A Pictoral Walking Tour of the 1893 World Columbian Exposition in Chicago

A Pictoral Walking Tour of the 1893 World Columbian Exposition in Chicago

The World’s Columbian Exposition was held in Chicago in 1893 to celebrate the 400th anniversary of Christopher Columbus’s arrival in the New World. The Chicago Columbian Exposition was largely designed by Daniel Burnham and Frederick Law Olmsted.

The Exposition covered more than 600 acres on Chicago’s south side and featured approximately 200 buildings of classical architecture, canals and lagoons, and people and cultures from around the world. Over 27 million people attended the Exposition during its six-month run from May 1, 1893 until October 30, 1893.

I knew nothing about the Fair until I read The Devil in the White City: Murder, Magic, and Madness at the Fair that Changed America.

The Devil in the White City left me wanting pictures however. With so many buildings it was difficult to imagine the scope and layout of the city. Fortunately, the Brooklyn Museum and the Smithsonian have a number of pictures on Flickr.

Using the pictures they’ve posted, I’ve attempted to create a pictoral walking tour of the White City. It was known as The White City because nearly all the buildings were made of a white stucco and because of the use of street lights at night.

The first part of our tour will take us through the Court of Honor.

Note: Most photos are linked to full-size versions on Flickr which are much larger, giving fantastic detail.

Note too: The red dot on the mini-maps indicate where you are standing and the black dot indicates the direction you are looking.

Chicago World's Columbian Exposition in 1893 Grand Basin
Our tour starts on the west side of the Court of Honor, standing next to MacMonnies Fountain and looking east and north from the Administration Building. The statue of The Republic stands at the east end of the Grand Basin. Lake Michigan can be seen through the columns of the Peristyle behind The Republic.
Court of Honor from Administration Building Chicago World's Columbian Exposition in 1893
Moving counter-clockwise, looking southeast onto the Court of Honor from Administration Building. On the right, the Agricultural Building, which anchored the southern end of the Court of Honor, comes into view.
Chicago World's Columbian Exposition in 1893 Liberal Arts Building
Looking left from the same spot, we see the North Canal (with gondolas on canal) and the Liberal Arts Building.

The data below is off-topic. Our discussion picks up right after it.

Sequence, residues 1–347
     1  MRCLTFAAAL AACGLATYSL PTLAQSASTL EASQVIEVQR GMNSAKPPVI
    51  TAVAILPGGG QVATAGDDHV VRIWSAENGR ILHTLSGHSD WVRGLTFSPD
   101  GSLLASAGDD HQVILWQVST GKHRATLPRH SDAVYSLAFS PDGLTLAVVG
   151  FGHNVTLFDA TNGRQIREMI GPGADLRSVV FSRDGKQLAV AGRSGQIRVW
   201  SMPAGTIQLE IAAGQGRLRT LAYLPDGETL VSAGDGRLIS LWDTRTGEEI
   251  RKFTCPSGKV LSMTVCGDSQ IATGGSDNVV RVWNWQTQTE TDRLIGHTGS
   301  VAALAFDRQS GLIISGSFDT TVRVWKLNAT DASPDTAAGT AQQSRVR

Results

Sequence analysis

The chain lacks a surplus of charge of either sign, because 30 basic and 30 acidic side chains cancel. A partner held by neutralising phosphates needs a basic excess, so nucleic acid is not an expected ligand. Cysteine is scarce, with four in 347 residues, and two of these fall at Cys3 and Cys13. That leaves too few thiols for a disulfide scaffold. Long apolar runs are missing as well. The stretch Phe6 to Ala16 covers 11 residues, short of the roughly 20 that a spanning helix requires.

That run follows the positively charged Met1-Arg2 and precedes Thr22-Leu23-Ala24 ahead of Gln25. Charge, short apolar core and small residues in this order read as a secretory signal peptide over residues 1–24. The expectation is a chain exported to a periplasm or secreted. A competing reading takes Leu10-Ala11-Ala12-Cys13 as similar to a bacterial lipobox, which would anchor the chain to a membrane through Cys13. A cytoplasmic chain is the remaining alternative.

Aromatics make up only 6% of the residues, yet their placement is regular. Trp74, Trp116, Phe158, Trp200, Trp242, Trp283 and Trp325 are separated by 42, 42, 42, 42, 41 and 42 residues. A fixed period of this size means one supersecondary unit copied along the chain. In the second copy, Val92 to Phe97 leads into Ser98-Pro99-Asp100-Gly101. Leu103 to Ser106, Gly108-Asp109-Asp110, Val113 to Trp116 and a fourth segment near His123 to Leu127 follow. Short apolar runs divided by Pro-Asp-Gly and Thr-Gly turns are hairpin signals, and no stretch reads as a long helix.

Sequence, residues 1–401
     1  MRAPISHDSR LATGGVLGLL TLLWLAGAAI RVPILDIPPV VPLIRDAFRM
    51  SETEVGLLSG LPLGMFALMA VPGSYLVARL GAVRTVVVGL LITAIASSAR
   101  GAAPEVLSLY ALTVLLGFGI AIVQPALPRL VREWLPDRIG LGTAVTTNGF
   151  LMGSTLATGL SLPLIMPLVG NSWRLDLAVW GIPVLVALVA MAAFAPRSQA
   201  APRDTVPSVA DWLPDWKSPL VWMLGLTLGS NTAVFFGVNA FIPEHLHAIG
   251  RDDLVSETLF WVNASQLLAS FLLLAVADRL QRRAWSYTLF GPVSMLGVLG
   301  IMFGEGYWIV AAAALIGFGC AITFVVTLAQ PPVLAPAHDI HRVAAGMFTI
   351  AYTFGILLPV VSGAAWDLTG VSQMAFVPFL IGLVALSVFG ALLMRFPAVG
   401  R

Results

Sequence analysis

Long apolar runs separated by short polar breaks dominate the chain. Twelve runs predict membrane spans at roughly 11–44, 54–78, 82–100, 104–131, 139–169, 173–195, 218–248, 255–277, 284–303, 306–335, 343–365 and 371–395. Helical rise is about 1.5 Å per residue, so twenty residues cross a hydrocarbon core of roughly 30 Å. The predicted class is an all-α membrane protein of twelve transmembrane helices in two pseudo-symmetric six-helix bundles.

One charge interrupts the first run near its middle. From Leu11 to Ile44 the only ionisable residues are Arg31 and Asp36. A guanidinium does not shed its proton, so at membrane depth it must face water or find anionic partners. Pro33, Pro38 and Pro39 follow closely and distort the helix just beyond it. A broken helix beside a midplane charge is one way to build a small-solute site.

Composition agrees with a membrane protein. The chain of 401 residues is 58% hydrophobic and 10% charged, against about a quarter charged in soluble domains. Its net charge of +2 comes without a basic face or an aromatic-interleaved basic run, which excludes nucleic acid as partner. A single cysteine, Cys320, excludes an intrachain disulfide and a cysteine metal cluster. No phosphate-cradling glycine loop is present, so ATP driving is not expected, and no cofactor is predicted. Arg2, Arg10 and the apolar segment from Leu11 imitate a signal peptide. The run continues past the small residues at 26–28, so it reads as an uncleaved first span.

Chicago World's Columbian Exposition in 1893 Administration Building
Continuing clockwise around the Grand Basin, we climb to the top of the Liberal Arts Building. Looking west, we see the Administration Building which we were just standing in front of.

The 55,000 square foot Administration Building was designed by Richard Morris Hunt and served as the headquarters for the Exposition.

Machinery Hall Chicago World's Columbian Exposition in 1893
Staying here, we see the south-westerly view from the top of the Liberal Arts Building. The South Canal sits in the center of the photo. The twin spires front Machinery Hall.
Chicago World's Columbian Exposition in 1893 Machinery Hall
Moving to the ground for a moment, we have a full view of Machinery Hall looking southwest from the Liberal Arts Building.

The 435,000 square foot Machinery Building was designed by Robert Swain Peabody and cost $1.2 million. Among other things, the building’s 43 steam engines provided electricity to the Exposition.

Chicago World's Columbian Exposition in 1893 Agriculture Building
Standing in front of the Liberal Arts Building, we look south across the Grand Basin at the Agriculture Building.

The 400,000 square foot Agricultural Building was designed by Charles McKim. The building celebrated at least two things that made America great: agriculture and Schlitz beer.

Chicago World's Columbian Exposition in 1893
Back up to the top of the Liberal Arts Building, we look southeast and find the statue of The Republic, the Peristyle and Lake Michigan.
Chicago World's Columbian Exposition in 1893 Peristyle
Further east from the Liberal Arts Building we see the Peristyle, the pier and the S.S. Christopher Columbus whale-back ship.
Chicago Exposition Agriculture Building
Looking west from the northeast corner of the Grand Basin. The Liberal Arts Building dominates the photo with the Electricity Building behind.

The 11 acre Manufactures and Liberal Arts Building, designed by George B. Post, was the junk drawer of the fair, displaying both manufactured goods and historically significant art items.

Chicago World's Columbian Exposition in 1893 Administration Building
Looking west across the Grand Basin at the Administration Building.
Chicago World's Columbian Exposition in 1893 Court of Honor from Peristyle
Court of Honor from Peristyle. In between the Administration Building (left) and the statue is the Electricity Building.